Credit: Jointly owned by the Jewish Museum, New York and the Museum of Fine Arts, Boston. Mildred Weissman Estate Fund and Theodora Wilbour Fund in memory of Charlotte Beebe Wilbour.
Release Date: August 11, 2023
The Jewish Museum and Museum Fine Arts, Boston Announce Joint Acquisition of Rare Silver Torah Finials from 1729 by Early Jewish Silversmith
New York, NY, August 11, 2023 – The Jewish Museum and the Museum of Fine Arts, Boston (MFA), have jointly acquired a pair of rare Torah finials (1729) by Abraham Lopes de Oliveyra (1657-1750), the earliest known Jewish silversmith to work in England. The pair of finials are currently on view at the Jewish Museum in New York City through late October. The pair will then be on view at the MFA beginning December 2023.
The finials are an artistic feat of a master silversmith. Oliveyra, an Amsterdam-born Jew from a Portuguese family, moved to London in the 1680s or 1690s. When he made the finials, London was home to Jewish communities that were both of Iberian descent and central and Eastern European origin. Jews in Western Europe were excluded from the artists’ guilds, including the silversmiths’ association. Despite this prohibition, Oliveyra was gradually able to practice his profession after moving to London, where he became a prolific maker of Jewish ceremonial art, especially Torah finials.
Bold openwork with interwoven shell motifs and ornate foliate patterns comprises the body of these finials. The crowns at the top of the finials are a symbol of the Torah scroll’s regality. The exquisitely engraved and partially gilded staves are characteristics of Oliveyra's work.
Darsie Alexander, Acting Director and Susan & Elihu Rose Chief Curator, The Jewish Museum, said, “We are thrilled to partner with the MFA on this acquisition, which serves both institutions and their communities so deeply. In addition to representing a spirit of true collaboration in their joint purchase, these extraordinary finials will further enhance the Jewish Museum’s strong holdings in Judaica, and will be seen by audiences within and beyond New York.”
"We are thrilled to deepen the MFA's rich holdings of Judaica with Torah finials by such a celebrated Jewish silversmith," said Matthew Teitelbaum, Ann and Graham Gund Director of the MFA. "They are truly magical. To acquire these objects in the public trust, in partnership with the Jewish Museum—home to one of the best Judaica collections in the world—is deeply meaningful. Thanks to this joint endeavor, the finials will be shown in different contexts and enjoyed by our communities in Boston, New York and beyond.”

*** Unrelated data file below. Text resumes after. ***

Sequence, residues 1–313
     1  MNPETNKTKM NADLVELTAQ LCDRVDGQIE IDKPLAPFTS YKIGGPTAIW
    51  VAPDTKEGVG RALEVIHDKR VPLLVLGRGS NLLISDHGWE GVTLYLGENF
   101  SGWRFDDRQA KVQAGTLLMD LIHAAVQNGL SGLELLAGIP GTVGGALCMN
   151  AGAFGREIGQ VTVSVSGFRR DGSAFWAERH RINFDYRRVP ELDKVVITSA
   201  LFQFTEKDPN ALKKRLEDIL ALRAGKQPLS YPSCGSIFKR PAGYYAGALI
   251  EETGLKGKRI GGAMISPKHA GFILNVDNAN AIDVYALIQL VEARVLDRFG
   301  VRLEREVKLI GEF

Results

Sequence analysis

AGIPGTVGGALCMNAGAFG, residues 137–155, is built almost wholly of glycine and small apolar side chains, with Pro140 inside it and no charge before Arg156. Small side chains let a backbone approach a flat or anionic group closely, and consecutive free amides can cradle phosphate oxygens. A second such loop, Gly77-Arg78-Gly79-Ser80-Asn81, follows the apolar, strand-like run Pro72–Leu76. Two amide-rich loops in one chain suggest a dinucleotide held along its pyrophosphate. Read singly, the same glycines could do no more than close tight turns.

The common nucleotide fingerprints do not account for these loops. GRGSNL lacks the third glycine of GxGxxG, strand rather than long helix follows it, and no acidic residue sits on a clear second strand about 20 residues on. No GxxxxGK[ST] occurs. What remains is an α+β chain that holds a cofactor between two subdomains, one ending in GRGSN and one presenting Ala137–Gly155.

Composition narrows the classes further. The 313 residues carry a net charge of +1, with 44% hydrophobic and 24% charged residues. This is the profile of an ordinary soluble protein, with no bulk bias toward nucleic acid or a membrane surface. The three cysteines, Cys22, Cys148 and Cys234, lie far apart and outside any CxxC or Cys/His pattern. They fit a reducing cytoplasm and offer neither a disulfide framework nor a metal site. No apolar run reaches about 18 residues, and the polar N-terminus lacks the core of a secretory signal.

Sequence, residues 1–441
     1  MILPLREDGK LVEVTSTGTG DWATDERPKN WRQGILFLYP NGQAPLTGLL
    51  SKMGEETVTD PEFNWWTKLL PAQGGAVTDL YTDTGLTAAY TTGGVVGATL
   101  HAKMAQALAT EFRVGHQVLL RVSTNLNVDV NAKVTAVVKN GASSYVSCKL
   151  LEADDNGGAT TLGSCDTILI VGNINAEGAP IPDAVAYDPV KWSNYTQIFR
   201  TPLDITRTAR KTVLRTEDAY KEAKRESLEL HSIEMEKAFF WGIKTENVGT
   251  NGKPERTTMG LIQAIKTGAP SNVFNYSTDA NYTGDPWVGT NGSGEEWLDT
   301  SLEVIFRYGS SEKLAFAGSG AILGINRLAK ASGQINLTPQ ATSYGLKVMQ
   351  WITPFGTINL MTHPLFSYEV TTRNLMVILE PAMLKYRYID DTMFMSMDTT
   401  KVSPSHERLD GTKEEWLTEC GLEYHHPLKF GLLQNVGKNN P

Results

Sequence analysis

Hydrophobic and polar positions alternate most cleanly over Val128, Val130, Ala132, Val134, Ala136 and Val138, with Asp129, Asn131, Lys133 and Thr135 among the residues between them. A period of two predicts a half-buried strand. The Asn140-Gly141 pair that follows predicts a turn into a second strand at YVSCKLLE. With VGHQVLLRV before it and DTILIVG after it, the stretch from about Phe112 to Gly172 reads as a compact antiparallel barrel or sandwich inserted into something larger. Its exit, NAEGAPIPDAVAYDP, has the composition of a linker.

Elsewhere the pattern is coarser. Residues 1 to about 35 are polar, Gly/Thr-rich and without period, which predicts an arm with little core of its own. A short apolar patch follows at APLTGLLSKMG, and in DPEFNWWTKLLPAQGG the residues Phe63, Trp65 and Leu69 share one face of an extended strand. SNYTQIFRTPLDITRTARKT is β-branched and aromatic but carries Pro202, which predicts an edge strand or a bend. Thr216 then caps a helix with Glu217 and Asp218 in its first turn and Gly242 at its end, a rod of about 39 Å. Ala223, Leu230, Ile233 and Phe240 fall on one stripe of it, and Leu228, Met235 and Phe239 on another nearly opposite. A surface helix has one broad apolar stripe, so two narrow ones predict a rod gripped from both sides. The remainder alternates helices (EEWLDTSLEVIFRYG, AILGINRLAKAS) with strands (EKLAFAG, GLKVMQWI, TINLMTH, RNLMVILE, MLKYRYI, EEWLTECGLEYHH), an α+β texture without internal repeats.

Oliveyra made at least 11 pairs of Torah finials for London's early congregations. Of those pairs, only one other pair exists in the United States—in Congregation Shearith Israel (Spanish and Portuguese Synagogue) in New York. Other known objects by this maker include a Torah pointer and a hanging Sabbath lamp in the Jewish Museum, London, as well as a silver platter gifted to the mayor of London at the time, in the collection of the Israel Museum in Jerusalem.
About the Jewish Museum
The Jewish Museum is an art museum committed to illuminating the complexity and vibrancy of Jewish culture for a global audience. Located on New York City’s famed Museum Mile, in the landmarked Warburg mansion, the Jewish Museum was the first institution of its kind in the United States and is one of the oldest Jewish museums in the world. The Museum offers diverse exhibitions and programs and maintains a unique collection of nearly 30,000 works of art, ceremonial objects, and media reflecting the global Jewish experience over more than 4,000 years. The public may call 212.423.3200 or visit TheJewishMuseum.org for more information. Follow on social media @thejewishmuseum.
About Museum Fine Arts, Boston
The MFA brings many worlds together through art. Showcasing masterpieces from ancient to modern, our renowned collection of nearly 500,000 works tells a multifaceted story of the human experience—a story that holds unique meaning for everyone. From Boston locals to international travelers, visitors from all over come to experience the MFA—where they reveal connections, explore differences and create a community where all belong. Open six days a week, the MFA’s hours are Saturday through Monday, 10 am–5 pm; Wednesday, 10 am–5 pm; and Thursday–Friday, 10 am–10 pm. Plan your visit at mfa.org.